‘But the second generation has its aspirations, and some of them are already part and very active in the political scene.’ He points to Prince Khaled Bin Sultan, Prince Faisal Bin Salman, and Prince Mohamed Bin Nayef among the notable grandsons of King Abdulaziz. But it won’t be their turn to rise unless the remaining sons of Abdulaziz – the brothers of the first generation – relinquish their rights for the sake of monarchical stability.

Just who sits in the throne matters for all the reasons you’d expect in an absolute monarchy. ‘Everything is up to grabs with a new King,’ Henderson told ABC News. ‘The Saudis will claim continuity…but the character of foreign policy, the character of domestic policy, will follow what the King wants it to be.’

Still, issues of oil policy and US-Saudi relations are seen relatively stable. It’s the threat of reversing his domestic changes, like the march forward on women’s rights, the efforts at economic development, and the reigning in of religious police, that worries people inside the Kingdom. 

‘If you look at every single Saudi blog they’re discussing it,’ said Hussein Dajani, a longtime Saudi resident. Now based in Doha, he has seen a shift in the discourse and expectations among Saudi netizens.

‘King Abdullah listens to the people. He said what people wanted to hear and he acted on it. That why he is extremely popular,’ said Dajani.

‘They now have greater demands for accountability from their leaders. That’s not something the next King can undo.’ Mohammed Al Qahtani, a political rights activist in Riyadh who argues for a constitutional monarchy, reflects an uncertainty among the Kingdom's pro-reform set. ‘The country is leaning toward a power struggle,’ he said. ‘We are pretty concerned about the future. When you have kids, when you have a family you worry.’ More links:
»` Simon Henderson for the Washington Institute: After King Abdullah | Thomas Lippman: Solving the Saudi Succession Puzzle
» ‘American Bedu’ Blog – former diplomat Carol Fleming on Letters to King Abdullah | Signs of Reform in Saudi Arabia
» BBC News: Saudi Arabia Country Profile
ISLAMIC FEMINISM ‘ON THE MOVE’ AMONG THE FORCES OF CHANGE”
If you think Islam and feminism don’t mix, then you’re missing a major force for change in the Muslim world. The named phenomenon of ‘Islamic Feminism’ emerged in the early 1990s, as women began calling for more rights and greater equality based on arguments from within Islamic texts.

They reasoned that the patriarchal and misogynistic practices of some Muslim countries – from domestic violence to women’s second-class status under the law – were not what Islam intended. Using the exercise of tafsir¸ or interpretation of the Koran, female religious scholars developed a body of knowledge calling for changes big and small – arguing for women muftis, against polygamy, and in support of equal status between husband and wife.

‘Islamic Feminism really turned the paradigm upside down, saying we live in modern societies and the Quran can be interpreted in ways that enhance justice and equality,’ said Margot Badran, an expert and author on the subject.

Today, Islamic feminism is ‘resolutely on the move,’ she writes, pointing to groups from the ‘Sisters in Islam’ of Indonesia to South African Muslims mixing genders in the mosque, to American scholar Amina Wadud, controversially leading Friday prayers in New York City. Saudi Arabia’s Dr. Mai Yamani and Iran’s Ziba Mir Hosseini helped build the literature of Islamic feminism, while Pakistani scholar Riffat Hassan forcefully argued that ‘Sexism is not Islam.’

In the Middle East especially, feminism has often needed Islam in order to make change.

‘If you want to reform family law in the Middle East, it being Islamic family law, then of course you have to use an Islamic argument to overturn it,’ said Badran. Family law covers issues like marriage, divorce, custody rights and multiple wives – and it has been the target for reform by many a feminist campaign. In Iran a coalition of feminists and reformist politicians pushed over elements of a controversial new family law that would have taxed women’s dowries and allowed men to take second wives without their first wife’s consent. In Egypt, activists made it easier for women to file for divorce, citing rules laid out by the Prophet Mohammed. In Morocco a coalition of Islamic and secular feminists working together succeeded in revising the Muslim Family Law, shifting it to an egalitarian model that treated men and women as equal heads of the family.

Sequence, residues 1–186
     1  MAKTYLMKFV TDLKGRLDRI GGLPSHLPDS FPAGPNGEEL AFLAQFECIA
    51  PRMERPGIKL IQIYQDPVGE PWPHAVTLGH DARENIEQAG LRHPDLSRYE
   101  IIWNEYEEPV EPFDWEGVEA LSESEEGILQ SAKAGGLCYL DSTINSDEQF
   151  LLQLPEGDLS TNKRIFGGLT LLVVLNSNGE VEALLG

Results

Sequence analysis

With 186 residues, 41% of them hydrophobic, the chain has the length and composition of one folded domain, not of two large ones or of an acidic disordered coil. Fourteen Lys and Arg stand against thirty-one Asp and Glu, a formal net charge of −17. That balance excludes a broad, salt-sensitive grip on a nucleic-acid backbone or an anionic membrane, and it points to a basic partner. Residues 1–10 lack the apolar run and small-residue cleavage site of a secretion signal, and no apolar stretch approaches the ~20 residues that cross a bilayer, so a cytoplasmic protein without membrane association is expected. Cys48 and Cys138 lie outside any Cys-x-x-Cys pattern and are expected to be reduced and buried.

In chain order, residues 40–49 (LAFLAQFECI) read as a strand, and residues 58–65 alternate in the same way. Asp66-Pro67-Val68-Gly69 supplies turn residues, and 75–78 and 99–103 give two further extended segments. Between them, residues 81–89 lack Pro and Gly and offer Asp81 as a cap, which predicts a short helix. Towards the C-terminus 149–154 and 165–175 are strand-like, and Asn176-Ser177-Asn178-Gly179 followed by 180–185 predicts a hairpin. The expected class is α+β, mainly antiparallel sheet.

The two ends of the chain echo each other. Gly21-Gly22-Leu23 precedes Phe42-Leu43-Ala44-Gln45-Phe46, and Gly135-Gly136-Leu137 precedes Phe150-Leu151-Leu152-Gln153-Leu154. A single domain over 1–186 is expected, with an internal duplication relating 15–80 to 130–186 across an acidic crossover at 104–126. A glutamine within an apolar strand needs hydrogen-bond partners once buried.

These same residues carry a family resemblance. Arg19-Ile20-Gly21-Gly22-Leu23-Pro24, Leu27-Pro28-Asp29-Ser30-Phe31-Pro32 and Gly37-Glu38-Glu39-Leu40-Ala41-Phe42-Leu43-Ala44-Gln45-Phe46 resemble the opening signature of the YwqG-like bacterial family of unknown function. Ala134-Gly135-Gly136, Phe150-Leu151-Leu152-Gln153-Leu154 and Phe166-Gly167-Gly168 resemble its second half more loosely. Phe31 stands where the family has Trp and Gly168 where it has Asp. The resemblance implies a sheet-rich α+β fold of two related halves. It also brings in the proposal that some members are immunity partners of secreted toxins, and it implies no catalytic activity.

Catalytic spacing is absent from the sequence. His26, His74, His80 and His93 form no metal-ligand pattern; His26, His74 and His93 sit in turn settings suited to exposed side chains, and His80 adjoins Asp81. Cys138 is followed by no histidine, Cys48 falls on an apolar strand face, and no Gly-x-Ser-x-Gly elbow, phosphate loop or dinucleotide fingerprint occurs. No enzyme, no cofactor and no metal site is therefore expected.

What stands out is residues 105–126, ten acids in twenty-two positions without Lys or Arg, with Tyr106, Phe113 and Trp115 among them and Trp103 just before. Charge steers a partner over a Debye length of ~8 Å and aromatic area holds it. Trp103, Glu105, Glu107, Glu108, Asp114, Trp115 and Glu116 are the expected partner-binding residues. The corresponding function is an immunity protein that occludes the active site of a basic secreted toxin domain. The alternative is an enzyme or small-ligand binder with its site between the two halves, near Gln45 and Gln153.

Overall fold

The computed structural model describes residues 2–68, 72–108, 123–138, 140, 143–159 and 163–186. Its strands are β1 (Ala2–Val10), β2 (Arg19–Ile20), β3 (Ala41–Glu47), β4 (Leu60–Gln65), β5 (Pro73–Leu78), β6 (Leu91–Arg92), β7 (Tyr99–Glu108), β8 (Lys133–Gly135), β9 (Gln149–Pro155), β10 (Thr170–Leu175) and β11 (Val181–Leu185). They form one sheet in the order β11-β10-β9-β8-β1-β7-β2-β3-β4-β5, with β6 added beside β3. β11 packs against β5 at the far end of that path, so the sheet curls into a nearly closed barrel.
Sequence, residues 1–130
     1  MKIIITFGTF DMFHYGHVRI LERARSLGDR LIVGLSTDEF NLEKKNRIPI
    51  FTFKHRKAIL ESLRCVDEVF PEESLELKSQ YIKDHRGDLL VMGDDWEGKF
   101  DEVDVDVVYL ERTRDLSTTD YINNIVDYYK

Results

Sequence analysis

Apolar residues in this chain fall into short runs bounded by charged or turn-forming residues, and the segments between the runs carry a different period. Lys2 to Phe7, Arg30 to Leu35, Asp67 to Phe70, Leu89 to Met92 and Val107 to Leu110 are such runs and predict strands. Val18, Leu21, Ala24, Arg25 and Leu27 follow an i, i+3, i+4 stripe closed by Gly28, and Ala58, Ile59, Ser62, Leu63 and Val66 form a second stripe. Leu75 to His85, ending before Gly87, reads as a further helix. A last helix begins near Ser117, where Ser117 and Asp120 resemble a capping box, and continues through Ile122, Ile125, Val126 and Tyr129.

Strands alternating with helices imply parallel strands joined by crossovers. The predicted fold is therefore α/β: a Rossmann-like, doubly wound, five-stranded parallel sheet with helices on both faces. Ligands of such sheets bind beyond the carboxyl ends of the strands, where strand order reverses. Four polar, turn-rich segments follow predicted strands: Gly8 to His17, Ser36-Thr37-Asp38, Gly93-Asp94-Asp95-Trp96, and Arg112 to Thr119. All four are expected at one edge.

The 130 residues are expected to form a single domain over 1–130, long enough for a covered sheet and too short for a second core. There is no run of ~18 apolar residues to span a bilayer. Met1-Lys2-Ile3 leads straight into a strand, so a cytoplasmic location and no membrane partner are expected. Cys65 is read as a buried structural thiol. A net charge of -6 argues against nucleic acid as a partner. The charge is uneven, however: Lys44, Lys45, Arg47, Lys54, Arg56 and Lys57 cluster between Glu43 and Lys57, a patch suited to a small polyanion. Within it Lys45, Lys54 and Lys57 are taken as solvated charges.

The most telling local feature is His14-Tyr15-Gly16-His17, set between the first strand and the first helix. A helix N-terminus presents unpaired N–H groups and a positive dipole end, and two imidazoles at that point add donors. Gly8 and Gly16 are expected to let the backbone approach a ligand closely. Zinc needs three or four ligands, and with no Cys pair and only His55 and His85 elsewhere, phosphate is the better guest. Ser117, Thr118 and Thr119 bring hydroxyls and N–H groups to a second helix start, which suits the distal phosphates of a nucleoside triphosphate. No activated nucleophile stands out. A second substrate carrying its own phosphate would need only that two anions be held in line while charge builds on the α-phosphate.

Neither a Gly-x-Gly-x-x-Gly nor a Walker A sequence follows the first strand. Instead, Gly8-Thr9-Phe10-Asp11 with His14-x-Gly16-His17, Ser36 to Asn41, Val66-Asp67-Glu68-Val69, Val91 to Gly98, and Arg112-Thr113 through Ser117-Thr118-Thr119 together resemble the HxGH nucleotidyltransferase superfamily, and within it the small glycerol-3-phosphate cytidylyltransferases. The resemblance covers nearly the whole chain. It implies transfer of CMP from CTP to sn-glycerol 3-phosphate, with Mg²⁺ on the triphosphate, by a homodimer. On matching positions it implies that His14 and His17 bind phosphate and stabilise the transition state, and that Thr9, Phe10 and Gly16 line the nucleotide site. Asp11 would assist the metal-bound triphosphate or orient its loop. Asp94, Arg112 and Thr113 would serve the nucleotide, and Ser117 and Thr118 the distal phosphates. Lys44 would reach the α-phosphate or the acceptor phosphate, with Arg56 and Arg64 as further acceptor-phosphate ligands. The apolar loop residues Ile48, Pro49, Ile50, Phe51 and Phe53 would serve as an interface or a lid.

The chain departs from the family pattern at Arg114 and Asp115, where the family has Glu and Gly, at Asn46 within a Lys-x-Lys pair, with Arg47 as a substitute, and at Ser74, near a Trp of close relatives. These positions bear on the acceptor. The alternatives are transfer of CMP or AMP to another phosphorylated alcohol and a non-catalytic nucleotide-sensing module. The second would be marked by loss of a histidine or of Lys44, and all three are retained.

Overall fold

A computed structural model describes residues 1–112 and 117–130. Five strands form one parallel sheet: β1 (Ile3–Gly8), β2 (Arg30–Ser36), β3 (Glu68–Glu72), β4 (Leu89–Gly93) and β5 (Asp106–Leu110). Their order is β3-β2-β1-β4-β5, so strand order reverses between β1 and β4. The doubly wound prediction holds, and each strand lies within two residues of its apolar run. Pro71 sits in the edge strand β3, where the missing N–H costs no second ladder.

It’s that coalition of secular and Islamic feminists, says Margot Badran, that gets the most traction. In Lebanon, with its thriving secular space, has seen feminist action from the KAFA campaign against domestic violence to a local, culturally adapted production of the Vagina Monologues.

‘You’d tend to think that Lebanese women are very liberated, because they go dancing and wear miniskirts. But there’s a huge gap between appearance and how it is inside the home, said feminist and famed cartoon blogger Maya Zankoul.

‘Women are still beaten, harassed, not allowed to work. But they might be driving around with a big car. They may be very rich, but they don’t have their rights.’

Zankoul’s frustration is shared among activists, both secular and Islamic. In Yemen, women have fought to abolish child marriage, only to see conservative women fight them back. In Egypt efforts to use Islamic arguments to ban female genital mutilation have come up against Islamic arguments defending the practice – a ‘he said, she said’ of Koranic interpretation.

That hints at one limitations of the Islamic feminist approach. There are others.

‘When feminists try to use religion they are also promoting the idea that we should make our life decisions in accordance with standardized religious teachings rather than by appealing to a sense of equity or justice,’ wrote Hania Sholkamy, an anthropologist at the American University Cairo.

‘This utilitarian approach may win over some people but it may precipitate a bigger loss; that is the loss of independent reason.’

She goes on to argue that change is a matter of politics, and all politics of change are local. The most Arab and Muslim feminists can do is keep pushing, hoping to tilt the balance.   More links:
» Muslim Women’s Website MuslimahNews.com
» A look at Iran’s Women’s Movement Since the 2009 Election
» NOWLebanon speaks to Feminists of the Arab World, from a landmark Conference of Arab Feminists in 2009 | Tweets from @Nasawiya, an Arab feminist collective   MIDEAST TIDBITS